Pianist Matt Piet reinforces his vitality and versatility on City in a Garden | Concert Preview | Chicago Reader

Pianist Matt Piet reinforces his vitality and versatility on City in a Garden 

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Matt Piet

Matt Piet

Matt Schwerin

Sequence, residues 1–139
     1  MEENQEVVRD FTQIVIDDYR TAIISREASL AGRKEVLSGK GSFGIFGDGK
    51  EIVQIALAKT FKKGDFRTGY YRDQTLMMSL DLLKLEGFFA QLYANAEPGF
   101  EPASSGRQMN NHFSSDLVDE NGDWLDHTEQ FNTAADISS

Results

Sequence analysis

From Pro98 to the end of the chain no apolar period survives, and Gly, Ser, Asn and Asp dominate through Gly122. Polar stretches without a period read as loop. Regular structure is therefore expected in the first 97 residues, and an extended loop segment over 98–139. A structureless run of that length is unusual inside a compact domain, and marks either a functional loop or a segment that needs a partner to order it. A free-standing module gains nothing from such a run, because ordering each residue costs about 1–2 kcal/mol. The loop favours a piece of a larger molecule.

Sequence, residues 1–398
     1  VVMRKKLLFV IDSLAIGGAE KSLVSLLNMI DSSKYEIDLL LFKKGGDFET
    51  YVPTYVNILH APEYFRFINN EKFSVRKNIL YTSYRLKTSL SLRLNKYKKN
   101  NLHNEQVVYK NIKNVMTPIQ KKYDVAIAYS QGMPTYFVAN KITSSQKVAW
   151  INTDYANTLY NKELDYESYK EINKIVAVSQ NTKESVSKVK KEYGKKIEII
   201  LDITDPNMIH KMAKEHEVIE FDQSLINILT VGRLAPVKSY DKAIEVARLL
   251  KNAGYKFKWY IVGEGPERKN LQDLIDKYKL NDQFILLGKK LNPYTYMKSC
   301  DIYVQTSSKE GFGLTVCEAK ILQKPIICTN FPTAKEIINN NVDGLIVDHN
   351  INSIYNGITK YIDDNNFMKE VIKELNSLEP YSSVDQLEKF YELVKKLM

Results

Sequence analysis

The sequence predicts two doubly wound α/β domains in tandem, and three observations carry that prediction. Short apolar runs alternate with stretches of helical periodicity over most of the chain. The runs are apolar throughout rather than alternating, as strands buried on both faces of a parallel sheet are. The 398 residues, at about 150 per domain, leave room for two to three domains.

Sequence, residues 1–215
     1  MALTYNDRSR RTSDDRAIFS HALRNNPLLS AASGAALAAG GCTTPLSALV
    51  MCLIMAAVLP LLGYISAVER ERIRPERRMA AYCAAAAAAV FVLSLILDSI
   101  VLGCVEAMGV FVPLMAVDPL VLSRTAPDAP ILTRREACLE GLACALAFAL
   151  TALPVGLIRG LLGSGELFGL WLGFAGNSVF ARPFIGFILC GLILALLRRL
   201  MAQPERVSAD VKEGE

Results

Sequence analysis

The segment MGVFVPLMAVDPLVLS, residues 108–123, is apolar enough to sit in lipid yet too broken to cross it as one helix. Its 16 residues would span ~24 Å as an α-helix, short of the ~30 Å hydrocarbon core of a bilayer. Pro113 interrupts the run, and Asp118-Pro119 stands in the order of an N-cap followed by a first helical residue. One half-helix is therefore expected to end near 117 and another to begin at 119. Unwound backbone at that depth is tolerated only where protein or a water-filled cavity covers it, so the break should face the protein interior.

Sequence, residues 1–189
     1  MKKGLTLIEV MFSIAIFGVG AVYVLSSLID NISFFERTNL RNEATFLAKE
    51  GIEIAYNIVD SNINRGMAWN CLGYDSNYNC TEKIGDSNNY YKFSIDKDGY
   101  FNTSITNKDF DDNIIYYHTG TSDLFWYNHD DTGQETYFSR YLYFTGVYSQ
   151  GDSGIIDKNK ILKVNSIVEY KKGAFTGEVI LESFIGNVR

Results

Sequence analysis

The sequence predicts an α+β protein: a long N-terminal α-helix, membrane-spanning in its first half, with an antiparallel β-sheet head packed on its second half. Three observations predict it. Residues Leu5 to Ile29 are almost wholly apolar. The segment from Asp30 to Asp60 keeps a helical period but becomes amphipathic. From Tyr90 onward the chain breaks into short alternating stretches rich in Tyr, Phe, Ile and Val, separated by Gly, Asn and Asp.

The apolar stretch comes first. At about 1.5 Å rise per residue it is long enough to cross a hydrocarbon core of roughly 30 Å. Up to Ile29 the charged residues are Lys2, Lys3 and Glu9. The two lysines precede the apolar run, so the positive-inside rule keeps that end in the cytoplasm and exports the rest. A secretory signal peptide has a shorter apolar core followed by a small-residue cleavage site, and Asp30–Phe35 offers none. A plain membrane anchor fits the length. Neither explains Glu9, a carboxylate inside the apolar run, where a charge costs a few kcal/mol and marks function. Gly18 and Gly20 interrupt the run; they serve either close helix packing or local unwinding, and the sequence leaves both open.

Pianist Matt Piet is a Palos Park native who jumped into the local improvised music scene in 2014 when he returned home after finishing his studies at Boston’s Berklee School of Music. Since then, he’s rapidly achieved an exalted status among a younger generation of musicians through his abiding sense of curiosity, drive to collaborate, and raw talent. Earlier this year Piet dropped Rummage Out (Clean Feed) and Throw Tomatoes (Astral Spirits), albums he made with two of the working combos he’s developed with players a generation older than he is—a sign of the respect he’s earned. Now he’s saluting his peers with City in a Garden (Ears & Eyes), a new recording built around duos, trios, and quartets with some of Chicago’s most promising rising talent across nine untitled improvisations (I’ll forgive Piet for approving the awful album cover, which looks like a clip-art silhouette of Chicago). Depending on the collaborator, Piet swings fiercely or unravels wonderful shattered-glass clusters and jagged runs, revealing a keen knowledge of the history of jazz and improvised music. He achieves an impressive, slow-moving introspection with Macie Stewart, who braids astringent long tones on violin and vocals that shift from mournful, wordless melodies to impressive overtone singing. His quartet with saxophonist Gerrit Hatcher, bassist Charlie Kirchen, and drummer Julian Kirshner is tightly coiled as close intervals, friction, and tangled phrases seethe like livewire lashing the ground in unpredictable spasms before the combo locks into a forceful swing, balancing propulsion with frenetic digressions and raw energy; when the group is reduced to a trio with Hatcher, Piet suggests the early work of Cecil Taylor with phrases that surge and recede in elegant flurries. Guitarist Steve Marquette (the Few) brings a nifty post-Derek Bailey mixture of string hammering and flinty friction to his duets with Piet, who offers a comparatively lush counterpoint. Most of the players on the record—Hatcher, Kirshner, drummer Bill Harris, and saxophonist Jake Wark—will reconvene tonight, joined by violinist Johanna Brock, bassist Eli Namay, and guitarist Matt Murphy in a variety of small groupings.   v

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